• The very last scene in the US version, which involves a clergyman, was deleted.
See more »

Connections

Featured in 78/52: Hitchcock's Shower Scene (2017) See more »

Soundtracks

Ain't We Got Fun
(1921) (uncredited)
Music by Richard A. Whiting
Played as Bruno gets in line during the last amusement park scene
See more »

Frequently Asked Questions

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User Reviews

 
Very good Hitch film about a tennis champion who becomes involved with psychopath in exchange killings
24 December 2011 | by ma-cortesSee all my reviews

Top-notch Hitch film dealing with a girl in love with young America's idol , a Tennis star named Guy Haines who becomes involved with a good-looking stranger , Bruno Anthony, in search of sensation that's how it all began..! Warner Bros bring a pounding new tempo to motion picture entertainment. A psychotic socialite (Robert Walker as unforgettable psycho) confronts a pro tennis star (Farley Granger) with a theory on how two complete strangers can get away with murder...a theory that he plans to implement . Guy Haines meets a stranger on the Washington-to-New York train who offers to exchange murders. The stranger will kill Guy's estranged wife if Guy will murder Bruno's hated father. Guy doesn't take Bruno seriously until his spouse , Miriam (Laura Elliott), is found killed in an amusement park . Guy becomes the chief suspect, which threatens his tennis career and his romantic involvement with a U.S. senator (Leo G. Carroll)'s daughter (Ruth Roman) .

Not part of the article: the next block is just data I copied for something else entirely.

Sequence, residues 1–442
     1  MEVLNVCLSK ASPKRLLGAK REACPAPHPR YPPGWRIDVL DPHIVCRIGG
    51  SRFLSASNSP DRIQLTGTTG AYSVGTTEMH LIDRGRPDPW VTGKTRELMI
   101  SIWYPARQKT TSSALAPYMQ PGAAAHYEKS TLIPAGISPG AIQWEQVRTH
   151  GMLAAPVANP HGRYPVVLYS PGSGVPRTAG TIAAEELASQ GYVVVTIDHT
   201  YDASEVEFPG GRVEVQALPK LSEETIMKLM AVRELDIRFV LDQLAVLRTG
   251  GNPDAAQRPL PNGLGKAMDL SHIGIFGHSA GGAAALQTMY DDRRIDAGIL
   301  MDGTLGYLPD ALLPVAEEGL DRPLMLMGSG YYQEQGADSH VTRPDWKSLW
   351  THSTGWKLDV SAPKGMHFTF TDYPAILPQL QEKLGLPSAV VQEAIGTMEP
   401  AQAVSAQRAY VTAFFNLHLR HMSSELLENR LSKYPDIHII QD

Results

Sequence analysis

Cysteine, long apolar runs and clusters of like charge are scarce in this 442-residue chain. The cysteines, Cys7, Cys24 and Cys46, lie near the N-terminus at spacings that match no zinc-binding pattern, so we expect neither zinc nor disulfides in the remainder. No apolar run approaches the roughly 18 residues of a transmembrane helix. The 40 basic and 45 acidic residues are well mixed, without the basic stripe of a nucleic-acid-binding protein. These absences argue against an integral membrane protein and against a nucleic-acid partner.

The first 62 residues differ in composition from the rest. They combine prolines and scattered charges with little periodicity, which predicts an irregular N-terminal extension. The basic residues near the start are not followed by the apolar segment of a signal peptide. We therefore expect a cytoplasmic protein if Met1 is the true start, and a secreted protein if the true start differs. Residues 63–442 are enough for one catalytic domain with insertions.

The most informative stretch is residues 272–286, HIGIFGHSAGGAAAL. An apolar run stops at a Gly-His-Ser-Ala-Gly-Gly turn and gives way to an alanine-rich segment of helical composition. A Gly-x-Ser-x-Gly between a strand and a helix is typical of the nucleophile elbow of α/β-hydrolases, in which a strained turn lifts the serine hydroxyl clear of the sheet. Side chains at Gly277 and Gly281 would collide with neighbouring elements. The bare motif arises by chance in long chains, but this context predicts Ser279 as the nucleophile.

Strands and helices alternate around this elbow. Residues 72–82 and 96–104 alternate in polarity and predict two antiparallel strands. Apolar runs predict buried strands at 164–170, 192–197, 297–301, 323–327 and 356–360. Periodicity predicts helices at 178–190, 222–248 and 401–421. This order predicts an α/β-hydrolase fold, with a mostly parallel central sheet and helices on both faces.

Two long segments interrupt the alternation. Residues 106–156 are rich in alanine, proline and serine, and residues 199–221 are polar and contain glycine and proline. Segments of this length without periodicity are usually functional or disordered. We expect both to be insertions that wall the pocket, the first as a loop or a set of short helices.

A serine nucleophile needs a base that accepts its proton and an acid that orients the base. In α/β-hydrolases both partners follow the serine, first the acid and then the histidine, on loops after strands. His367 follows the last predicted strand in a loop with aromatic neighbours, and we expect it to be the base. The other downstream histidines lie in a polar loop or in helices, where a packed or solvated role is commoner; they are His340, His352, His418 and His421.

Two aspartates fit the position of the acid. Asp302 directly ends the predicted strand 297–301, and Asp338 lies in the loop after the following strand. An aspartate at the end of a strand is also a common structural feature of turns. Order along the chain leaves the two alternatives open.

Hitchcock first visited Hollywood in 1940, but was turned down by virtually all major motion picture studios because they thought he could not make a "Hollywood" picture. He was finally offered a seven-year directing contract by producer David O. Selznick. His first project was supposed to be a film about the Titanic, but Selznick scrapped the project because he "couldn't find a boat to sink." Selznick assigned Hitch to direct Rebeca (1940) instead, which later won the Best Picture Oscar . Later on , Hitchcock shot ¨Strangers on a train¨.

Tense/suspense/mystery abounds in this thriller from Hithcock who combines the elements of intrigue with romance, drama and action . Thrilling and interesting screenplay based on a Patricia Highsmith novel and co-scripted by novelist Raymond Chandler and uncredited the prestigious Ben Hecht . Robert Walker and Farley Granger give their finest acting as psychopath and tennis star respectively . Hitchock married Alma Reville , usually screenwriter ,and had one daughter, Patricia Hitchcock, who appeared in several of his movies: Stage fright (1950), and Psicosis (1960) and Strangers on the train where she plays splendidly the distrusted sister .Frequent collaborator the director of photography Robert Burks creates a stunning cinematography . Suspenseful and atmospheric original music by the classic Dimitri Tiomkin.

Hitchcock often used the ¨false guilty¨ or "wrong man" or "mistaken identity" theme in his movies Sabotage (1942), I confess (1953), Wrong man (1956), North by Northwest (1959), Frenesí (1972) and of course Stranger on a train . In a lot of his films -more noticeably in the early black and white American films-, he used to create more shadows on the walls to create suspense and tension . Hitch hated to shoot on location , he preferred to shoot at the studio where he could have full control of lighting and other factors. Rating : Above average , well worth watching . This good thriller by the master himself, who preys on the senses and keeps the suspense at feverish pitch . Worthwhile seeing thanks some Hitch's touches .